SMEs voice concerns on immigration policy

Posted on 20 Feb 2020 and read 550 times
SMEs voice concerns on immigration policyResponding to the recent report from the Migration Advisory Committee (MAC) regarding the minimum salary threshold relating to immigrants, Mike Cherry, national chairman of the Federation of Small Businesses (FSB), said: “The recommendation to lower the proposed minimum salary threshold to £25,600 is a welcome pro-business proposal, which would widen the scope for employing those beyond highly paid professions.

“It is vital that the workers and skills needed for the UK’s economy to grow are not locked out by a future immigration system that is unresponsive to business needs.

“One in five small employers in the UK have at least one staff member from the EU.”

FSB (www.fsb.org.uk) research shows that four-in-five small employers that hire staff for jobs classed as mid-skilled are offering salaries less than £30,000. This includes positions in sectors such as engineering and IT.

“The recommendation for a route to the UK without a job offer is also positive, but this must be open to mid-skilled workers and not restricted to highly paid professionals.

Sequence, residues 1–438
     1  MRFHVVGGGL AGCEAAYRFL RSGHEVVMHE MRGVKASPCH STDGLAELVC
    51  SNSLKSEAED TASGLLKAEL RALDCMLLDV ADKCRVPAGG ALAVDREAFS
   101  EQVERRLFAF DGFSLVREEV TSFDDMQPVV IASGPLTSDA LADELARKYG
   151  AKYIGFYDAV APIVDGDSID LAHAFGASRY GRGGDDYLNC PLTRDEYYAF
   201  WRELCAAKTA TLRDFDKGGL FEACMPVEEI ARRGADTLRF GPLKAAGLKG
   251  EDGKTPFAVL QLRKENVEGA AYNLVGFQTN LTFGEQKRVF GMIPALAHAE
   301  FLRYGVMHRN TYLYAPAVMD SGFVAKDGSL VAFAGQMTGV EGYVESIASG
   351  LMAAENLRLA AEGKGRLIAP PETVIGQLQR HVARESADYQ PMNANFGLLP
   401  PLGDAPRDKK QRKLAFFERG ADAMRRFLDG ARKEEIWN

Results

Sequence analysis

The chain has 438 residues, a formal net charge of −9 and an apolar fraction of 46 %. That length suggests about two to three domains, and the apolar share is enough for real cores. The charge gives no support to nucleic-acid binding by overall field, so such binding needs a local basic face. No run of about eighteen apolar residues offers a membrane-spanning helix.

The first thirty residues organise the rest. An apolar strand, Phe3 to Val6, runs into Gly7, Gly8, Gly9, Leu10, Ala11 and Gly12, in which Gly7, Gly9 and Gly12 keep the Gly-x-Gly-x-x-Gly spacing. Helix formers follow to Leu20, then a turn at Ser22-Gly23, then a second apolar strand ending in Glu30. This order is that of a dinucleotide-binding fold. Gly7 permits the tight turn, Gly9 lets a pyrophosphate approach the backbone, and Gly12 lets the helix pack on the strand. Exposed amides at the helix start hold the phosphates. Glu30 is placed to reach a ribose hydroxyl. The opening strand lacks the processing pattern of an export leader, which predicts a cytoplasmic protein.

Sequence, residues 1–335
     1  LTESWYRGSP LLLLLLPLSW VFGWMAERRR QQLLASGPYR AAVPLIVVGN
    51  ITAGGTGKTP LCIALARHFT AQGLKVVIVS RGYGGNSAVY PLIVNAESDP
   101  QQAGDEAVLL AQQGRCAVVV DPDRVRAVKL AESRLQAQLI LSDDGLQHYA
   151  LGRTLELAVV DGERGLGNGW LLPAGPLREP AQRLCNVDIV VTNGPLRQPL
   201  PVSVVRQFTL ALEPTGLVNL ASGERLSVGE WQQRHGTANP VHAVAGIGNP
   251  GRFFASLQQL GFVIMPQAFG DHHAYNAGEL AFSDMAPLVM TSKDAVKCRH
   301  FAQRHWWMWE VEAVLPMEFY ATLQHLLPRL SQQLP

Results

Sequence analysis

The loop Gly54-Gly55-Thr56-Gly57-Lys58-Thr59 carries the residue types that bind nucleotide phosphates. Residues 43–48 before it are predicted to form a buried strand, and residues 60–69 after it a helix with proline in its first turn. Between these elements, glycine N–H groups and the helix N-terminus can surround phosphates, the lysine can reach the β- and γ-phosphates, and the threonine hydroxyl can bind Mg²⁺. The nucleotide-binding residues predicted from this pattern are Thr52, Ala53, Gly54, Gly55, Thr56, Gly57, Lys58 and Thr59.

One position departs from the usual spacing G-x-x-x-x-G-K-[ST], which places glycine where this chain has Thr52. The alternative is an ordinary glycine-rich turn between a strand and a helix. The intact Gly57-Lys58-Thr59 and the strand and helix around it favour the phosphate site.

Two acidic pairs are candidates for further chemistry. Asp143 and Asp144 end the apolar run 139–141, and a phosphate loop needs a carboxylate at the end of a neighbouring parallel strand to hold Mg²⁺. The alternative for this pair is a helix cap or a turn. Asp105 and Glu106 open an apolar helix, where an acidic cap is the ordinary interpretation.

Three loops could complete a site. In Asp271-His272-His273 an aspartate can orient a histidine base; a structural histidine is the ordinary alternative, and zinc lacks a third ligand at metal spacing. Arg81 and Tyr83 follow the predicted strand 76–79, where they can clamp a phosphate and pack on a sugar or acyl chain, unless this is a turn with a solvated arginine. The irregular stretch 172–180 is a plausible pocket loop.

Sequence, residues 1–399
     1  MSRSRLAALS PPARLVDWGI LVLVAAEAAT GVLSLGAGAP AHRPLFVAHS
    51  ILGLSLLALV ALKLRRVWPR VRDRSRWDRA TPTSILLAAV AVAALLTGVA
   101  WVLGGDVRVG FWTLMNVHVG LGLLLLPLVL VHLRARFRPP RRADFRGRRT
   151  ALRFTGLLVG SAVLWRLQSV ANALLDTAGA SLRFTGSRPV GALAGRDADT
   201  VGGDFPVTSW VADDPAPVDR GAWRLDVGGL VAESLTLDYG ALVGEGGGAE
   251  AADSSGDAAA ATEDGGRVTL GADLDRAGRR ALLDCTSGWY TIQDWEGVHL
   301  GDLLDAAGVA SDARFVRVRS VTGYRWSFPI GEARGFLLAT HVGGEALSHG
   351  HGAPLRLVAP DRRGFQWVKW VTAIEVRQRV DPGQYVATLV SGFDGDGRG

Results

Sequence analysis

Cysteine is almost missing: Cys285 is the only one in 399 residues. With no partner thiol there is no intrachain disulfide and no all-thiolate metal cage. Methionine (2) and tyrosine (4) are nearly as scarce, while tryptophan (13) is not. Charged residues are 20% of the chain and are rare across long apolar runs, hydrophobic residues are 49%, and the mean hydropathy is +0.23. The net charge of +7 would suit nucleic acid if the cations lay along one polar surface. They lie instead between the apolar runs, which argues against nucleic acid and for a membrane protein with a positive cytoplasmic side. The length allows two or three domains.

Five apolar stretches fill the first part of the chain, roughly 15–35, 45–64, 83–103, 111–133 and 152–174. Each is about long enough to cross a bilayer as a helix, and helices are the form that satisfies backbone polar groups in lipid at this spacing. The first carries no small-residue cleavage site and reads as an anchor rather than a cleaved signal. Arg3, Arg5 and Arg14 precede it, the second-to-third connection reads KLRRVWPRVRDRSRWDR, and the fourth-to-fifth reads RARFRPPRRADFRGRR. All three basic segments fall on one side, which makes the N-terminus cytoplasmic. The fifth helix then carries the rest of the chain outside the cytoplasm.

“It should allow smaller businesses in all regions, nations and sectors to recruit the people with the skills they need.

“It is pleasing to see that the committee has listened to FSB’s arguments for a salary threshold below £30,000, as well as an unsponsored route, which selects migrants based on their personal characteristics and allows for regional variation.”

Meanwhile, Roger Pollen — head of external affairs for FSB NI — has called for the Government to ensure that the future migration system is ‘fit for purpose’ for the Northern Ireland economy.

“The suggested reduction in the salary threshold for employing skilled migrant workers is a step in the right direction, but there remains a need for a bespoke system for Northern Ireland.

“The report correctly identifies that the economic position of Northern Ireland is ‘distinctive’, and that the matter of a specific salary threshold is worthy of ‘future consideration’.

“We would urge the Government to take this into account when reviewing the MAC’s recommendations. Given that Northern Ireland will continue to follow EU regulations for goods after Brexit, and businesses here will compete for labour on an all-Ireland basis, it is crucial that the immigration system is suitably flexible for small businesses to meet their skills needs.”

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